Compiled by Aina Joseph
Chapter one – THE PARABLE
In the first chapter of his book- The Little Book Of Common Sense Investing, John C. Bogle succinctly used a simple parable of the Gotrocks family that was originally narrated by Warren Buffet, the CEO of Berkshire Hathaway and the infamous Oracle of Omaha. Bogle, whose parable seemed convincing enough, argued that the more active is your investment, the more tax you pay, and the more your money goes out as commission to the intermediaries.
Thus, sustainable investment and a wise investor will diversify but, at the same time, keep fees low and build over the long term. Hence, the need to invest in index funds or other mutual funds because they provide a better opportunity and platform to do this successfully.
Bogle pointed out that the higher the level of an investor’s activities are, the greater the cost of financial intermediation and taxes, and ultimately this will lead to a less net return from the shareholder.
Chapter two – RATIONAL EXUBERANCE
Many investors make the mistake of holding a stock for a short time, and when the market is down, they tend to lose their money. Rather than using this route, John C. Bogle advised investors to buy and hold stocks for a long time.
Although there are ups and downs in stock investing, in the long run, the aggregate shows that you will earn more. This is what Bogle referred to as rational exuberance.
He proved that for each $1 invested in 1900, the return would be $43k over 116 years. Although no one may live up to 116 years, your next generation can, thus, long term stock investing is a way of building generational wealth.
The author also noted that stock trading involves forecasting “swing in investor’s emotions,” and to do that accurately is impossible, but predicting the long-term success of a company carries a remarkable higher odd of success. Conclusively, there are two types of investments; speculative investment or stock trading and a long-term investment like index funds.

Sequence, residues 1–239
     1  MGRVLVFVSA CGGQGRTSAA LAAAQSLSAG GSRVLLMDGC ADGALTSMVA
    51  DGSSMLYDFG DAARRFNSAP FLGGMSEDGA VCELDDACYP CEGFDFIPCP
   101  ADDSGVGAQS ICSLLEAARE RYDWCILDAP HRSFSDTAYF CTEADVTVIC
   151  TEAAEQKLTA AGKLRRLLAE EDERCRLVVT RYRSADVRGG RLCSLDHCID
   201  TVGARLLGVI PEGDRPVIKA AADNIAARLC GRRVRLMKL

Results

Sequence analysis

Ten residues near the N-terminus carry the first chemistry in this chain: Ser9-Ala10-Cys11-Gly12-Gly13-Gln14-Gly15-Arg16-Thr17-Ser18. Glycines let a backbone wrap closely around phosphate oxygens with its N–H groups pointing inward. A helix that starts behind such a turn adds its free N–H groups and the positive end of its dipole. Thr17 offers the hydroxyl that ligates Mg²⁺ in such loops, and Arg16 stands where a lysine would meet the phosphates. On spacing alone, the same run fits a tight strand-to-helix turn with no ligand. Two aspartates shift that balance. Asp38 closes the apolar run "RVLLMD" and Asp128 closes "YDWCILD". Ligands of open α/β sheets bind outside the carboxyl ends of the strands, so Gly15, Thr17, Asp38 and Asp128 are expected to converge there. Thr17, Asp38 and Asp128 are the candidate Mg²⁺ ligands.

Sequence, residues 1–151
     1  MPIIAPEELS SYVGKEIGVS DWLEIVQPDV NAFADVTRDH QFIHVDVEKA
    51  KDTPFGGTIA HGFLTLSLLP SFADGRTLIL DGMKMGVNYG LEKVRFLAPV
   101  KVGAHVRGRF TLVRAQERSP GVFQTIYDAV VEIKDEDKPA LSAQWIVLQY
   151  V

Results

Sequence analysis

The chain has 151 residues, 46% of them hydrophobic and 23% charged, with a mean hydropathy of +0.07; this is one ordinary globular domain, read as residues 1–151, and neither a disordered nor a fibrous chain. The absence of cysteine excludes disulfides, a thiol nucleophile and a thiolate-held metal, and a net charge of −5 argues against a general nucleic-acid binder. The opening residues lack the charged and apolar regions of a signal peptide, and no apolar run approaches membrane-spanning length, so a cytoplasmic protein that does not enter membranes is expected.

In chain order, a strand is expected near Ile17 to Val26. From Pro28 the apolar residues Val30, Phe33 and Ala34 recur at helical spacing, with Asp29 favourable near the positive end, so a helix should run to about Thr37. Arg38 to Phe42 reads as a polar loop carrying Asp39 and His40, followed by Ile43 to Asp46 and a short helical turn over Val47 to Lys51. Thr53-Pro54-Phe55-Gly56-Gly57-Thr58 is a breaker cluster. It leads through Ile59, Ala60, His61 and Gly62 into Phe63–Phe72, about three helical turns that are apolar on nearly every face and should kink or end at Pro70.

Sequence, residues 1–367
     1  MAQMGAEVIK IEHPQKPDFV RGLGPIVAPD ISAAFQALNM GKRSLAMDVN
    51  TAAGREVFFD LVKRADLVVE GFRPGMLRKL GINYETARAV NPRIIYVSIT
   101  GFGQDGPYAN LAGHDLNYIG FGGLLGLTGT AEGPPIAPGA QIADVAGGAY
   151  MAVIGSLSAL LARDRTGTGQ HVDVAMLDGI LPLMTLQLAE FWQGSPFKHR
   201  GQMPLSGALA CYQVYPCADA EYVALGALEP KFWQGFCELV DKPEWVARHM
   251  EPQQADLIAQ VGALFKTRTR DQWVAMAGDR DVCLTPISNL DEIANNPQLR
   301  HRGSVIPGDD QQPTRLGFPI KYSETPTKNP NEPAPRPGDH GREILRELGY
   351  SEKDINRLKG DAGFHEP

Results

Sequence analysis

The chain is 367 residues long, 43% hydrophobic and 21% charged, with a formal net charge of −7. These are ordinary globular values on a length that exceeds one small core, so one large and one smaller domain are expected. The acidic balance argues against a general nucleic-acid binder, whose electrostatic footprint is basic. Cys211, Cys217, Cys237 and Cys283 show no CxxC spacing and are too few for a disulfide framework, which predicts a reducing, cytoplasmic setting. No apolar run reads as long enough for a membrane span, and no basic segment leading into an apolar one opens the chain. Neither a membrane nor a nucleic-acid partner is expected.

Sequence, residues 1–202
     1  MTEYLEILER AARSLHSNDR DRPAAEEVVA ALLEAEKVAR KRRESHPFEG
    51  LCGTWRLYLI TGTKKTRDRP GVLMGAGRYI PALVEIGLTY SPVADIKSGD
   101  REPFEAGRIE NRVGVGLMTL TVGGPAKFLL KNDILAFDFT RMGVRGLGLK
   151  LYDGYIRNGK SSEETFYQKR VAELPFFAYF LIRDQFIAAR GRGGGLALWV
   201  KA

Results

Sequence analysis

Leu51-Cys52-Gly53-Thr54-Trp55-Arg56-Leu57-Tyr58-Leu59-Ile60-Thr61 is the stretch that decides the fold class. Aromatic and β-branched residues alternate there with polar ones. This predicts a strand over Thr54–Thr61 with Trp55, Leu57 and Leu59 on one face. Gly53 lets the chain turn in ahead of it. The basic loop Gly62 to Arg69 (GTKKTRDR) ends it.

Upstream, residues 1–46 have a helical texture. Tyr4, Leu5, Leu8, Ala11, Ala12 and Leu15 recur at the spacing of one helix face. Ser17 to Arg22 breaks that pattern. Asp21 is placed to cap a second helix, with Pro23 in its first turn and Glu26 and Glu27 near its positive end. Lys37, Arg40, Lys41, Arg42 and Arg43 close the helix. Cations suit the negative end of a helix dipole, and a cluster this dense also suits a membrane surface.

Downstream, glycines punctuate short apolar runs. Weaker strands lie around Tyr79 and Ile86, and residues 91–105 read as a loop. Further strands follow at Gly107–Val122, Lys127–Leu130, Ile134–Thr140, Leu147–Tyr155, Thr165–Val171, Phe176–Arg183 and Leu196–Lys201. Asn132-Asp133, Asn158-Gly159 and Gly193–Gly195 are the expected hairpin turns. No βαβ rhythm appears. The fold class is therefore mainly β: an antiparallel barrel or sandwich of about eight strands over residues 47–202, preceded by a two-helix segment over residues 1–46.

Chapter three – CAST YOUR LOT WITH BUSINESS
Rely on Occam’s Razor to win by keeping it simple. Occam’s Razor: when there are multiple solutions to a problem, choose the simplest one. So how do you cast your lot with business? “Simply by buying a portfolio that owns the shares of every business in the United States and holding it forever,” the author suggested.
He used William of Occam’s expression of 1320 to buttress his point. “When there are multiple solutions to a problem, choose the simplest one” It is a simple concept that guarantees you win the investment game played by most other investors who – as a group- are guaranteed to lose.
To focus on the long-term investment, the best parameter to look at is the business and their number and not speculation surrounding individual stocks.
John Bogle claimed that the S&P 500 is highly profitable. He did this by comparing the performance of the S$P 500 and the total stock market over some time. He expressed how major government parameters are utilizing an index fund to achieve a long term guaranteed profit from the investment.
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